human rights

What the President Should Do: End U.S. Support for the War in Yemen

Possibly the strangest foreign policy decision the Obama administration has made was their decision to support the Saudi-led war in Yemen. The White House has made quiet counterterrorism operations a key plank of its foreign policy agenda, and the administration includes a number of officials best known for their work on human rights issues, most notably Samantha Power. As such, the President’s decision to supply logistical, intelligence and targeting support for the Saudi-led coalition’s military campaign – a campaign which has been horrifically damaging to human rights inside Yemen, as well as detrimental to U.S. counterterrorism goals – was deeply surprising.

Less surprising was the fact that the conflict has turned into a disastrous quagmire. Yemen was already arguably a failed state when the intervention began in April 2015. The power transition negotiated in the aftermath of the Arab Spring was weak and failing, with Yemen’s perpetual insurgencies worsening the situation. Since the intervention began, the United Nations estimates that over 21 million Yemenis have been deprived of life’s basic necessities. Thousands have been killed. Even more concerning, United Nations monitors reported to the Security Council that they believed the Saudi-led coalition may be guilty of crimes against humanity for its indiscriminate air strikes on civilians.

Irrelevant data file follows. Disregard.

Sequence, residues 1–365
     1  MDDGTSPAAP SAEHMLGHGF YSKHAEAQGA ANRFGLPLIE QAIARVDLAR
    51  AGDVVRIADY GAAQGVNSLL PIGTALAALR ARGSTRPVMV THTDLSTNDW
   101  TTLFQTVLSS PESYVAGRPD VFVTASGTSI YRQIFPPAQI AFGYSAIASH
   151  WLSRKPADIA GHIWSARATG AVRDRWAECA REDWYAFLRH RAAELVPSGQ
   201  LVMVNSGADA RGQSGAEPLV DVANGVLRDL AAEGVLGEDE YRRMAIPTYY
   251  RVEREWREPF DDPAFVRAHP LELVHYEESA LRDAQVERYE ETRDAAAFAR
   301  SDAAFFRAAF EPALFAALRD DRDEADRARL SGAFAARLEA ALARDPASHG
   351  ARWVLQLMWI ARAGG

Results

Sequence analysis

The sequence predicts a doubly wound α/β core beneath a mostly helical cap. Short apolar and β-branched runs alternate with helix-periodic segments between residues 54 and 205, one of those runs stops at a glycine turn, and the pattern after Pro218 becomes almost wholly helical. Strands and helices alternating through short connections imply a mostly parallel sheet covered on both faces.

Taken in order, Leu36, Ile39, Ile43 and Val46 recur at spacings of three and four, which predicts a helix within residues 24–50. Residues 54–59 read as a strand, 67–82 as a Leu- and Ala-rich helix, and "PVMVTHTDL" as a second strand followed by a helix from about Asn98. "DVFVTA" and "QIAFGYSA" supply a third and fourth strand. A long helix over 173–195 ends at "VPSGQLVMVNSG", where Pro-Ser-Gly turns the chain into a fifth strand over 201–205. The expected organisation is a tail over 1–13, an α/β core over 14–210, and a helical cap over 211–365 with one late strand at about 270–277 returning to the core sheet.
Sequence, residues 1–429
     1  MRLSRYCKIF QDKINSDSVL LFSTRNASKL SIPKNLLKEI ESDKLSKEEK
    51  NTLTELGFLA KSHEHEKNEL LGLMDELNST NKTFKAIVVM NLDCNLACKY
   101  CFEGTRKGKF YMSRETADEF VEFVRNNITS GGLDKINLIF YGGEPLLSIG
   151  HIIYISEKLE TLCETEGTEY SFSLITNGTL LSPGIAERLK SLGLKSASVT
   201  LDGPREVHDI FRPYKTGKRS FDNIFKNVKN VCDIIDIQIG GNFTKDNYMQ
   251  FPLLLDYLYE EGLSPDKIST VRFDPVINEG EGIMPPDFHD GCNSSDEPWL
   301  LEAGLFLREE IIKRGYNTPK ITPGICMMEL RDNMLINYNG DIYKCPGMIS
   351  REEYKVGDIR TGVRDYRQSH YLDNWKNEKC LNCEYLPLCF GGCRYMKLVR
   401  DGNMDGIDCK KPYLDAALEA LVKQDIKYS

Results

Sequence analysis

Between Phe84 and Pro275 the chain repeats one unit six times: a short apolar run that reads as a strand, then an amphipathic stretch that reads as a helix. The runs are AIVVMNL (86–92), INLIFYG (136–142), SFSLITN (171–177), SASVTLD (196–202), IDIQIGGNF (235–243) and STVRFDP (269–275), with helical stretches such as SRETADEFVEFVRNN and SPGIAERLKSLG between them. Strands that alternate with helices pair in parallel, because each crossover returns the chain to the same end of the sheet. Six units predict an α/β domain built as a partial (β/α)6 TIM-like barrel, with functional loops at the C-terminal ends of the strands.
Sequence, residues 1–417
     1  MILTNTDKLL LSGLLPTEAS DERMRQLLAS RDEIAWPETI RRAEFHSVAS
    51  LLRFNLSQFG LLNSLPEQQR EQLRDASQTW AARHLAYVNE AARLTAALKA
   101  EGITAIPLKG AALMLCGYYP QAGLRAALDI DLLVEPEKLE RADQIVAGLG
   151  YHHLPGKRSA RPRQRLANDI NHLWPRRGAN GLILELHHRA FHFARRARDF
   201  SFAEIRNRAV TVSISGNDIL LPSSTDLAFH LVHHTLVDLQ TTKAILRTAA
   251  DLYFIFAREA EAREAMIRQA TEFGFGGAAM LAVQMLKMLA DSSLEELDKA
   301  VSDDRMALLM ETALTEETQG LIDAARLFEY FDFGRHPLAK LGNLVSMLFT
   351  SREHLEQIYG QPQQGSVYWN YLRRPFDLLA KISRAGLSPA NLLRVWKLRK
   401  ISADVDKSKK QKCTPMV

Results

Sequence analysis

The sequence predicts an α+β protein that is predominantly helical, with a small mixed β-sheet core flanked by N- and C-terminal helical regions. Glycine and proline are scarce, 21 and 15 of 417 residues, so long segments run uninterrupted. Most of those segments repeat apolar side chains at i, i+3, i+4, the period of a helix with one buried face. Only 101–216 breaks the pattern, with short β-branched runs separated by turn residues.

Strategically, the coalition has made few gains. Despite the terrible loss of life, the coalition has stalled south of the capital, Sanaa. Further advances will be exceedingly difficult. At the same time, Al Qaeda inside Yemen has grown in strength and size, benefitting from the conflict, and even presenting itself as a viable partner for the Saudi coalition. It is hard to see how U.S. strategic interests - counterterrorism, human rights, or even regional stability – are being served by this conflict.

Don’t Arm Syria’s Rebels

With the death toll in Syria now climbing above 5,000, and graphic videos and images of the bloodbath flooding the internet, some in Washington have called for arming the Syrian resistance. That option, compared to other alternatives like a NATO-led no-fly zone, seems antiseptic. But America’s arming of rebels will amount to contributing to a worsening situation without a means of reaching a peaceful end state.

With the Support of the Obama Administration, Paris-Based OECD Now Wants De Facto World Tax Organization as Part of Its Anti-Tax Competition Campaign

I’ve been battling the Organization for Economic Cooperation for years, ever since the Paris-based bureaucracy unveiled its “harmful tax competition” project in the late 1990s. Controlled by Europe’s high-tax welfare states, the OECD wants to prop up the fiscal systems of nations such as Greece and France by hindering the flow of jobs and capital to low-tax jurisdictions.

Subscribe to RSS - human rights